Blood Ties, the new Lifetime series starring Christina Cox that debuts this Sunday, plays something like an unholy hybrid of The X-Files and Buffy the Vampire Slayer, but that is far from being a bad thing. Based on the Blood Books series of novels by out lesbian writer Tanya Huff, the show — with its blend of supernatural mystery-solving and interrelationship drama, plus an ass-kicking bisexual lead character — has the potential to be the next big genre series if it can transcend the storytelling clichés it displays in the premiere episode.
As Blood Ties begins, our hero, former detective-turned-private eye Vicki Nelson, witnesses the first in a series of supernatural murders. She left the police force due to deteriorating eyesight, but her instincts are just as sharp as ever. She soon runs into an ex-partner (and ex-boyfriend), Mike Celluci (Dylan Neal), who is working the case.
Also digging around the investigation is Henry Fitzroy (Kyle Schmid), a charming, 500-year-old vampire who sparks a strong reaction in the usually impervious Vicki. They meet fortuitously at the scene of an attack, prompting an uneasy partnership. Also involved is Coreen Fennel (Gina Holden), a Goth-obsessed college girl who initially hires Vicki to find out who killed her boyfriend, and later becomes Vicki’s assistant.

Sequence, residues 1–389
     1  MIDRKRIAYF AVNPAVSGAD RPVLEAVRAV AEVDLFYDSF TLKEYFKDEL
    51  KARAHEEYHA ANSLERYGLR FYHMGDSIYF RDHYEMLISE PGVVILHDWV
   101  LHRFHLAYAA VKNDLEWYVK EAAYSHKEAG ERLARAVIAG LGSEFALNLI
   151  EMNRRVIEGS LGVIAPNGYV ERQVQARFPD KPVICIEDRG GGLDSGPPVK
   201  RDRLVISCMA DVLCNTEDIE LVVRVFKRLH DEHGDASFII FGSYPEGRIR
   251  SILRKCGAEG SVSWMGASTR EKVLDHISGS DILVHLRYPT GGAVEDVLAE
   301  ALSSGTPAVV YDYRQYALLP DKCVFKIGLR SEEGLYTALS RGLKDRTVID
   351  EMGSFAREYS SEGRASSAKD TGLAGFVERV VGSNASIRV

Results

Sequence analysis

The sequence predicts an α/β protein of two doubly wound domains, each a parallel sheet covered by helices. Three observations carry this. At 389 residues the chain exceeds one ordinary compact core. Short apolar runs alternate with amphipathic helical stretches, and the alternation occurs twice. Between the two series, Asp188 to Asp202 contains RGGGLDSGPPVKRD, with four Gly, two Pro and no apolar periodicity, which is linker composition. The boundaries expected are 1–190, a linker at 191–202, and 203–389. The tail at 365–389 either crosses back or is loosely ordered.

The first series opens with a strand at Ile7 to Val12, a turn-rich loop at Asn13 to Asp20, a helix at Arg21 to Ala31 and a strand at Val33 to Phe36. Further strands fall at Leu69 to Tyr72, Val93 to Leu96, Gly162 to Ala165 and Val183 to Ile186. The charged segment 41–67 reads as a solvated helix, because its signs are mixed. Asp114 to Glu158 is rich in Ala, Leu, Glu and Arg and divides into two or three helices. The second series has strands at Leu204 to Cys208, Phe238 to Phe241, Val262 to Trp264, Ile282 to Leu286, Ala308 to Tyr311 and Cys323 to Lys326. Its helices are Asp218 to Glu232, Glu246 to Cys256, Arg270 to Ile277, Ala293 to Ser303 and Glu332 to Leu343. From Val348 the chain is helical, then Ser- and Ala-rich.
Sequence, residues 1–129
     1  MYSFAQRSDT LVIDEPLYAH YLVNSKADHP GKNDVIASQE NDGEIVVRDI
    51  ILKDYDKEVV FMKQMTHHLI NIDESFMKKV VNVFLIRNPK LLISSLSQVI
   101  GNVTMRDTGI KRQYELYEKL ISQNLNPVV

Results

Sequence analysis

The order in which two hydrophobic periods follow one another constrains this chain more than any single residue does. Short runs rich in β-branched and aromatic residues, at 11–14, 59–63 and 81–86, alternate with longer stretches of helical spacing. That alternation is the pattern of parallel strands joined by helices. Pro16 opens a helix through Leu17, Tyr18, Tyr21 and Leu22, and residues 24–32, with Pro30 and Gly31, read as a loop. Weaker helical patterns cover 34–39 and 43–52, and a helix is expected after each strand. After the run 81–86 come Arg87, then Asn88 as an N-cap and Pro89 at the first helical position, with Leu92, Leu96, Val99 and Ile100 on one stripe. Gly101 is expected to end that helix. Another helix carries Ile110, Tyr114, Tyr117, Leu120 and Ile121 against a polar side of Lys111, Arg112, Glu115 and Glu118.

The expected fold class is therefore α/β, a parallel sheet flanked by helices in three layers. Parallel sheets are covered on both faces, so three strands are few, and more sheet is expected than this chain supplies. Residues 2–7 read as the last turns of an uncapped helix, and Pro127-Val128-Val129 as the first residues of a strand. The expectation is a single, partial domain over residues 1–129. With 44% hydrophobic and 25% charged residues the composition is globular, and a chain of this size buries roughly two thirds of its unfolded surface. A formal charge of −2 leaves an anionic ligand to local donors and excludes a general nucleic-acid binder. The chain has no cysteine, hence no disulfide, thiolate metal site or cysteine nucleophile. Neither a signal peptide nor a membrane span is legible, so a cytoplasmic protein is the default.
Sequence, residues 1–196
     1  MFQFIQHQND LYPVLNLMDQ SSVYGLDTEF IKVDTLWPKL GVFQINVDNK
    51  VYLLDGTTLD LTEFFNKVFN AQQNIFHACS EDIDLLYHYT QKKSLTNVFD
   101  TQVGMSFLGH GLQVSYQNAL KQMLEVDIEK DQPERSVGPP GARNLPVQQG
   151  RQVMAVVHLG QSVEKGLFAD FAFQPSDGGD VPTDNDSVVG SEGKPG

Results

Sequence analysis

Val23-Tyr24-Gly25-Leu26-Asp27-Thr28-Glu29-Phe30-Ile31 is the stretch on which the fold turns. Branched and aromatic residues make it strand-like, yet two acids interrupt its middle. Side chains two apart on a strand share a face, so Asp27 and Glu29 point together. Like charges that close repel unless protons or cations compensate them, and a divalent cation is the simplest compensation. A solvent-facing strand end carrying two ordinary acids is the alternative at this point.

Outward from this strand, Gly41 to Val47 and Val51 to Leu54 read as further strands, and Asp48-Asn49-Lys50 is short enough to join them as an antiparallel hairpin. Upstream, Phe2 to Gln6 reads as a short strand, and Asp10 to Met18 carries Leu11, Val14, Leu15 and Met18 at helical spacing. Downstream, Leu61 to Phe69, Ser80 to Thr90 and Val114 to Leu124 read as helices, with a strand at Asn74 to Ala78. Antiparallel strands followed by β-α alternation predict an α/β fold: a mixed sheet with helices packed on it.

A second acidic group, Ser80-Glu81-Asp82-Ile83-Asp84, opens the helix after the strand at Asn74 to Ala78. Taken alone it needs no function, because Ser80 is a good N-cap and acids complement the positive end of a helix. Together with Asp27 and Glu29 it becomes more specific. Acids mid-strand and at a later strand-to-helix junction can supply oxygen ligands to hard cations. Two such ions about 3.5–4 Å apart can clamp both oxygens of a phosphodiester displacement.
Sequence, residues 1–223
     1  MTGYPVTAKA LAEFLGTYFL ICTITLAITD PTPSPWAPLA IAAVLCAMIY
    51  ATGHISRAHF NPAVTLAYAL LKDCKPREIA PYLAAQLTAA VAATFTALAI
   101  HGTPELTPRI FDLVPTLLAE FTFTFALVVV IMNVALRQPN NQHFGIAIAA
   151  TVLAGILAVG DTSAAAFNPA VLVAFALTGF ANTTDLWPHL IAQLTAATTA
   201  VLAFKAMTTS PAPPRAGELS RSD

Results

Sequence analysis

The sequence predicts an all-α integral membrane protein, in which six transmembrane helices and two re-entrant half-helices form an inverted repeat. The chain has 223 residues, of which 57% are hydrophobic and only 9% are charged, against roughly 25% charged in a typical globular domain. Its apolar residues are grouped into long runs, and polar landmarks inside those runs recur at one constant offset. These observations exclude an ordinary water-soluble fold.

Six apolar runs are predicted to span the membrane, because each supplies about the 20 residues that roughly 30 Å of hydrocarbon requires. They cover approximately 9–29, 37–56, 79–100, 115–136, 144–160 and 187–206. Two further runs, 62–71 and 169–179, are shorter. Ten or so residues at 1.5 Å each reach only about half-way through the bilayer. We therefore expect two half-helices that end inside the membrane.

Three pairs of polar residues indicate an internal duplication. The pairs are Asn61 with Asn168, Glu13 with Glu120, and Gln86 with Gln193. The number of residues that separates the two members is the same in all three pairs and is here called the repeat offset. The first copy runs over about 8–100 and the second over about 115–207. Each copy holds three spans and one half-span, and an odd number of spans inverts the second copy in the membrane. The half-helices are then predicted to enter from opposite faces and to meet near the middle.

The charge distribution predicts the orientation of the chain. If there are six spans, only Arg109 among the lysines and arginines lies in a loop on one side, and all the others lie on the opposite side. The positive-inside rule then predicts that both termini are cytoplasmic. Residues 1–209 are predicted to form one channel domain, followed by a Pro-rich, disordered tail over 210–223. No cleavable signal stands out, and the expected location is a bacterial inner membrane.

In true genre show form, the case happens to involve a particularly nasty demon, an EverQuest-addicted dork and an imminent apocalypse. The story plays out in a blend of mystery-solving and demon-on-vampire confrontations, prompting comparisons to the aforementioned series. By the end of the premiere, the stage is set for a world of encounters with various denizens of the supernatural world — demons, succubae, ghosts, zombies, etc. — as well as serious heat between Vicki and her various romantic possibilities.
Vicki herself is a great character. She’s tough, witty and otherwise Buffy-like in every respect, and Cox does an admirable job hitting the balance between emotional vulnerability and tough-cop swagger. Better known to lesbian audiences as Kim from Better Than Chocolate, Cox also does an excellent job of keeping Vicki just sensitive enough to be believably confused and invested in her personal relationships.
It’s apparent that Blood Ties is aiming for emotional drama as much as it is for action and demon killing.
Unfortunately, what isn’t apparent in the premiere is the bisexual aspect of Vicki’s character. In the Tanya Huff novels, Vicki has two exes, one man (Mike) and one woman, and this complicates her relationship with Henry.
Cox herself has stated in interviews that the writers are planning to work this into the show and that this backstory is absolutely integral to the character. Even Huff herself has been happy so far with the adaptation, but the bisexual story line is conspicuously absent from the episode that otherwise sets the stage so completely.